‘Close the lid!’ Dangerous poo particles could be lurking on your toothbrush

A hygiene expert has claimed "poo particles" from the toilet are making their way on people's toothbrushes. Source: Getty

Brushing your teeth may be a simple daily routine to ensure good dental health, but a hygiene expert has now warned you could actually be risking your health is you keep your brush close to your toilet.

Paul Mangold, hygiene expert with leading Australian firm Fantastic Services, has revealed the prevalence of “poo particles” on toothbrushes left too close to the loo and how it’s making many people seriously ill.

The expert warned that flushing the loo without closing the lid could lead to a potential risk of severe gastrointestinal illness, claiming the “deadly bugs” can effectively fling up out of the toilet and onto the toothbrush.

“Every time you flush your toilet, poo particles are flung into the air,” he explained. “These bio-aerosols can be extremely harmful and the airborne water droplets are often contaminated with viruses and bacteria.

“And if you keep your toothbrush near your toilet, these potentially deadly bugs can land on the bristles before you put them straight into your mouth, twice a day.”

According to Mangold, toothbrushes are the “perfect breeding ground” for germs – with bacteria thriving in moist areas where they can grow and multiply.

“Research has shown that harmful particles can linger in the air for at least 30 minutes after each flush – and that they can disperse as far away as three metres from the toilet itself,” he said.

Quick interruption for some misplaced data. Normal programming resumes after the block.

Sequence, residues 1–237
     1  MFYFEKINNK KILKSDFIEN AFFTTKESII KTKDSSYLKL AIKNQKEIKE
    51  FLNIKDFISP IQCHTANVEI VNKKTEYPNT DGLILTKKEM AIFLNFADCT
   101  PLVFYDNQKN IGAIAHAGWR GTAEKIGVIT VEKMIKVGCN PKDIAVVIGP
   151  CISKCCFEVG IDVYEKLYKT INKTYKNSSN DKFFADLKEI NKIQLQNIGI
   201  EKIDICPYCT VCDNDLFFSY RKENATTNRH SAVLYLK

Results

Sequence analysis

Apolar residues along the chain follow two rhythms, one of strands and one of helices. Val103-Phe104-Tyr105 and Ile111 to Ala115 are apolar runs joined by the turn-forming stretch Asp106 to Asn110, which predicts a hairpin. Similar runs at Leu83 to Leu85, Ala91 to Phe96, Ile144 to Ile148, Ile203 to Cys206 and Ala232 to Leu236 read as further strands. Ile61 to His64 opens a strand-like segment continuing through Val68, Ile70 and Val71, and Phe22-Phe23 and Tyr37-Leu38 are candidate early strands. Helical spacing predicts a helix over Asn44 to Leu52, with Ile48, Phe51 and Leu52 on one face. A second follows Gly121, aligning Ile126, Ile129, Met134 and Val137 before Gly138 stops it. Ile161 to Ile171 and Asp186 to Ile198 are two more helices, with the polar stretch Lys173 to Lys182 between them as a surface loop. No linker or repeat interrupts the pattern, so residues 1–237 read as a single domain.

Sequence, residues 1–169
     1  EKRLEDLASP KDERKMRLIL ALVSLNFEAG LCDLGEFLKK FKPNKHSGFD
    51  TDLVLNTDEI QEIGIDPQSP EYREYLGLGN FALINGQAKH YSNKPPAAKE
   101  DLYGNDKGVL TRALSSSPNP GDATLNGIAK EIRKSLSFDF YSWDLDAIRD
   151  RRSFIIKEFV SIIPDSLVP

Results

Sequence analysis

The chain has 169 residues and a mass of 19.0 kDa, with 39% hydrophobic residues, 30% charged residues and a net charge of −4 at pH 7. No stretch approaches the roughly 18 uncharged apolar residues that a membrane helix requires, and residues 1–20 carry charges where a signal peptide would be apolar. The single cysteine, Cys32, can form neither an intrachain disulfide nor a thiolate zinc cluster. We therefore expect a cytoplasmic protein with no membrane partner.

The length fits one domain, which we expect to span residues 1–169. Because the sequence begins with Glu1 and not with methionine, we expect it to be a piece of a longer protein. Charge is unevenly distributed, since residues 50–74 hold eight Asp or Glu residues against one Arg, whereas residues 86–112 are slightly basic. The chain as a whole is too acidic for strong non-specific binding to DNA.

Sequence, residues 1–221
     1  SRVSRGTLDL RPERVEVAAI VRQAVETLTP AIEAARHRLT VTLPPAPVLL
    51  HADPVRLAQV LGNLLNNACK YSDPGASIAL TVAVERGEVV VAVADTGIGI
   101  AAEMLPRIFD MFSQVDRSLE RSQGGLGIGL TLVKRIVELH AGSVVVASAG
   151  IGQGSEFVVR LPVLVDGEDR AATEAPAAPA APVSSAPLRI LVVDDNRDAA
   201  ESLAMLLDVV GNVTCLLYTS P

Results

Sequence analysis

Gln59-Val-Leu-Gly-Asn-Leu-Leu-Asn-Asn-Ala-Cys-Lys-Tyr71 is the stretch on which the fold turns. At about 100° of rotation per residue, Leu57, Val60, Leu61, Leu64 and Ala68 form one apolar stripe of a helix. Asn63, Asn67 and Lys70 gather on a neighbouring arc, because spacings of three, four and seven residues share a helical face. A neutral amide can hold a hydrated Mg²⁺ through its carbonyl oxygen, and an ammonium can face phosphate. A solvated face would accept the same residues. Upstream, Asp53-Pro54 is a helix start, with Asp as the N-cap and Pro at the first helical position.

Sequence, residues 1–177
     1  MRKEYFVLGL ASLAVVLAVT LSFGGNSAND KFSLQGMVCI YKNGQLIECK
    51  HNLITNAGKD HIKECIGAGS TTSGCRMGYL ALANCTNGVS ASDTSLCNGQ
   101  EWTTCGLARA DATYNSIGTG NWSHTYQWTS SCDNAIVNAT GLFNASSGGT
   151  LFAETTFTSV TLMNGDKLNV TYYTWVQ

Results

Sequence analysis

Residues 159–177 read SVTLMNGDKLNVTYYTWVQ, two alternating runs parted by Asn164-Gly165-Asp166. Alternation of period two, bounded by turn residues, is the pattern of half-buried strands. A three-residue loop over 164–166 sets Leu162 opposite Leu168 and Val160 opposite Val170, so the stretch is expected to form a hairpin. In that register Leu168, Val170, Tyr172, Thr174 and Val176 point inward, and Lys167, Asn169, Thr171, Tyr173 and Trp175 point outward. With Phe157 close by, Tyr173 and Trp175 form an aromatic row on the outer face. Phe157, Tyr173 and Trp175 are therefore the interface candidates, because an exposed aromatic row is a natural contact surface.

The hygiene expert’s comments are backed up by research from the University of Iowa which used a sophisticated particle-collecting machine, placed one metre away from a toilet, to measure the airborne matter both pre and post flush.

They found that flushing “significantly increased” the number of harmful particles sent airborne with the bio-aerosols still present in the air even when an empty toilet was being flushed.

More worryingly still, there was also no difference in particle concentrations over the course of the 30 minute sampling time – which suggests the matter could linger for far longer.

Mangold has expressed his concern over the research, especially in Australia where many bathrooms feature toothbrushes lined-up on a shelf above, or in close proximity to the lavatory.

“I think a lot of people are simply unaware of the dangers,” he said. “Because bacteria from the toilet spread to other areas of the room, it’s really important to clean all bathroom surfaces regularly to stop the spread of pathogens.”

Mangold added: “And make sure you replace your toothbrush every three months too in order to minimise the risks.”

Were you aware of the risks of “poo-particles”? Do you close your toilet lid before you flush?

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